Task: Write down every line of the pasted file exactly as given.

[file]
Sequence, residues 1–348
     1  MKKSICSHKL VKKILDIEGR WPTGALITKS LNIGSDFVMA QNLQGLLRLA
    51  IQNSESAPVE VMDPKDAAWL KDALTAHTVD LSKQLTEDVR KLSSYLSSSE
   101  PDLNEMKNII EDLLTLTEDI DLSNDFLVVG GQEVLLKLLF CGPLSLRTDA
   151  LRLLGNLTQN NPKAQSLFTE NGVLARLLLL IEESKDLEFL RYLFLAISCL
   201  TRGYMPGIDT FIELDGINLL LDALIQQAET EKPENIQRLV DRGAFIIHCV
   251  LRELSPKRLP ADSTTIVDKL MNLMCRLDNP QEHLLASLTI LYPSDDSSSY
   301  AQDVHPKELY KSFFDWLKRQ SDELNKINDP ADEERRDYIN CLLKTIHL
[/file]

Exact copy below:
Sequence, residues 1–348
     1  MKKSICSHKL VKKILDIEGR WPTGALITKS LNIGSDFVMA QNLQGLLRLA
    51  IQNSESAPVE VMDPKDAAWL KDALTAHTVD LSKQLTEDVR KLSSYLSSSE
   101  PDLNEMKNII EDLLTLTEDI DLSNDFLVVG GQEVLLKLLF CGPLSLRTDA
   151  LRLLGNLTQN NPKAQSLFTE NGVLARLLLL IEESKDLEFL RYLFLAISCL
   201  TRGYMPGIDT FIELDGINLL LDALIQQAET EKPENIQRLV DRGAFIIHCV
   251  LRELSPKRLP ADSTTIVDKL MNLMCRLDNP QEHLLASLTI LYPSDDSSSY
   301  AQDVHPKELY KSFFDWLKRQ SDELNKINDP ADEERRDYIN CLLKTIHL